Aaron Alexis and the Failure of the Federal Security Clearance Process

Security Clearance

A lot has been reported over the past several days about the failure of the federal security clearance process as it relates to Aaron Alexis, the Washington Navy Yard shooter who murdered 12 people on September 16, 2013.

WHAT WAS KNOWN

The Navy granted Alexis a Secret clearance in March 2008 based on an NACLC background investigation. The Navy knew from the investigation that he failed to disclose on his clearance form a May 2004 arrest for malicious mischief in Seattle, WA for which he was never prosecuted. Alexis claimed the arrest occurred because he deflated another person’s car tires and that he didn’t disclose it on his clearance form because the charge was dismissed. He also had some previously delinquent debts, but he was in the process of repaying them.

While Alexis was on active duty with the US Navy Reserves from May 2007 to January 2011, his Navy command was aware of his 2008 arrest for disorderly conduct, his 2010 arrest for unlawful discharge of a firearm, and at least two Navy disciplinary boards related to poor performance and insubordination. In addition, he was subject twice to Non-Judicial Punishment and at least one former supervisor felt that he displayed indications of mental illness.

In January 2011 Alexis was released early from the Navy Reserves with an honorable discharge, and his security clearance was administratively terminated.

Alexis was hired by a defense contractor in September 2012 for a position that required a Secret clearance. His employer would have checked his JPAS (Joint Personnel Adjudication System) record and determined that his Secret clearance was eligible for reinstatement, because his last investigation was less than 10 years old and less than 24 months had elapsed since his Navy clearance was terminated. At his employer’s request, the Defense Industrial Security Clearance Office would have reinstated Alexis’ clearance within a few days without any additional investigation or adjudication.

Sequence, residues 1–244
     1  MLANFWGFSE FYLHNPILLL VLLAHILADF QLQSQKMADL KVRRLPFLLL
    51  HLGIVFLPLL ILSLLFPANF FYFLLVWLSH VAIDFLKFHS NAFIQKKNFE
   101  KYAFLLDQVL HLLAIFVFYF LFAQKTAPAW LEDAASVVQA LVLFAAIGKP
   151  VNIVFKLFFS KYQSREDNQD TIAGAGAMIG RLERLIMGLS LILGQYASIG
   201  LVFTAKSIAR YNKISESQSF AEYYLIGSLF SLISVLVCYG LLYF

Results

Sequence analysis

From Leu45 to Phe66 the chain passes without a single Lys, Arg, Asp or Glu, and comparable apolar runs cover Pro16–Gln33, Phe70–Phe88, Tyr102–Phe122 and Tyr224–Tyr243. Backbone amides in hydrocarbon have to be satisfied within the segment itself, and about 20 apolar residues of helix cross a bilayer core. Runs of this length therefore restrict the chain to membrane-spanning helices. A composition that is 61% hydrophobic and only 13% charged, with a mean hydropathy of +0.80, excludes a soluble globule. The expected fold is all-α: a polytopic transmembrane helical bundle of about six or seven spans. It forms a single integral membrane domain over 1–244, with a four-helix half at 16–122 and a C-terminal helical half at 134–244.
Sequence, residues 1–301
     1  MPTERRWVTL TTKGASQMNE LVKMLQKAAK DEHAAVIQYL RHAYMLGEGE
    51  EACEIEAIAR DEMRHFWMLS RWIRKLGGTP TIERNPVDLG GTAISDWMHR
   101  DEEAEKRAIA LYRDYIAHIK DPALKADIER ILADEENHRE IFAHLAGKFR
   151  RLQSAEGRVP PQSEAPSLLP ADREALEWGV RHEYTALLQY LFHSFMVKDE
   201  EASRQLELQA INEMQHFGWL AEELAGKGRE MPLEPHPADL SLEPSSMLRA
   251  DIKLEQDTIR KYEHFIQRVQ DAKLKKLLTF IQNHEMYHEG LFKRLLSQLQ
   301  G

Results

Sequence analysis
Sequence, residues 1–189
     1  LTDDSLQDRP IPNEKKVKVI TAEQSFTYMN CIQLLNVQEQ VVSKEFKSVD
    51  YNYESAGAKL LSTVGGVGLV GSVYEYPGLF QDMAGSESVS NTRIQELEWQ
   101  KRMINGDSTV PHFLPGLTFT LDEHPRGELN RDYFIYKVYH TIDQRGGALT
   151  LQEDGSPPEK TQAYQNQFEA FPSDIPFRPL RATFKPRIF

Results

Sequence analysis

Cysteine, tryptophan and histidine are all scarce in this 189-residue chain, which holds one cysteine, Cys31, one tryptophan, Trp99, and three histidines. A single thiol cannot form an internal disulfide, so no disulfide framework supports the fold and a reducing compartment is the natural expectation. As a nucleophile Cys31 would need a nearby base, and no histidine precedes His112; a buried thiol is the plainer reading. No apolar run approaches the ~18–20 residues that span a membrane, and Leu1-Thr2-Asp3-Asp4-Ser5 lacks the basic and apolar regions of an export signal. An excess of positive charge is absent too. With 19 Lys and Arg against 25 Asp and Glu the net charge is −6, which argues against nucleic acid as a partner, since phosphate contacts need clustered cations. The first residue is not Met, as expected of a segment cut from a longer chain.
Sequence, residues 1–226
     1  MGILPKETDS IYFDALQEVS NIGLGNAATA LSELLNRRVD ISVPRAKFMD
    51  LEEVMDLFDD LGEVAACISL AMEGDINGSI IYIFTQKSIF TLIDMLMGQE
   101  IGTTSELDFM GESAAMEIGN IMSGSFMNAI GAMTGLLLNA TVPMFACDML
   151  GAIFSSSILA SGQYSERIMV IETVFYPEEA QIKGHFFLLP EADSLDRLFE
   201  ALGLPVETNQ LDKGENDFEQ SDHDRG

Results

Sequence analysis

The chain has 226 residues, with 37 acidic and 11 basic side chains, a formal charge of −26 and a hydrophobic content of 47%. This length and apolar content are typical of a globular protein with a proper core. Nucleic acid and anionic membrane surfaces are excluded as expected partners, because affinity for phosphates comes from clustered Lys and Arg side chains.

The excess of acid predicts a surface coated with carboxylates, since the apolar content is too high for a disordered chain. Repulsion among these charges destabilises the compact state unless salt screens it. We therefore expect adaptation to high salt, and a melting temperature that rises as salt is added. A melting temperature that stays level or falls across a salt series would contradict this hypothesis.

To get unescorted access to military bases so that he could do his work as a defense contractor employee, Alexis also needed a Common Access Card (CAC), DOD’s version of an HSPD-12 Personal Identity Verification (PIV) card. Usually there’s a security vetting process before a person can be issued a CAC; however, rules implementing HSPD-12 allow Government agencies to issue PIV cards to anyone with a favorably adjudicated NACI or NACLC (or better) investigation without any further investigation or adjudication, provided there has not been a break-in-service of more than 2 years since the investigation. It doesn’t matter how old the investigation is. So, Alexis was probably granted a CAC based solely on a check of his JPAS record, which showed a favorably adjudicated NACLC from 2008.

While working at Newport Naval Air Station in August 2013, Alexis’ employer became aware of his instability. Over the course of his stay Alexis disturbed other guests by knocking on their doors in search of the voices he was hearing. Alexis’ mother advised his employer that he had a history of paranoid episodes. Despite being aware of this, his employer took no action.

WHAT WENT WRONG

These events highlight systemic problems in the federal personnel security programs:

  • No matter how old an investigation is, anyone with a favorably adjudicated NACI or NACLC (or better) federal background investigation can be granted an HSPD-12 PIV card without any additional vetting, provided they have not had a break-in-service of more than 24 months.
  • Ten years is too long an interval between periodic reinvestigations for a Secret clearance.
  • There are requirements for people with security clearances, their coworkers, and their supervisors to report through security channels matters that affect security clearance eligibility. However, insufficient emphasis is placed on these requirements, particularly coworker and supervisor responsibilities, and some requirements are vague. Failure to report such matters is a security violation, but when they’re discovered, people are rarely held accountable for their failure to report them.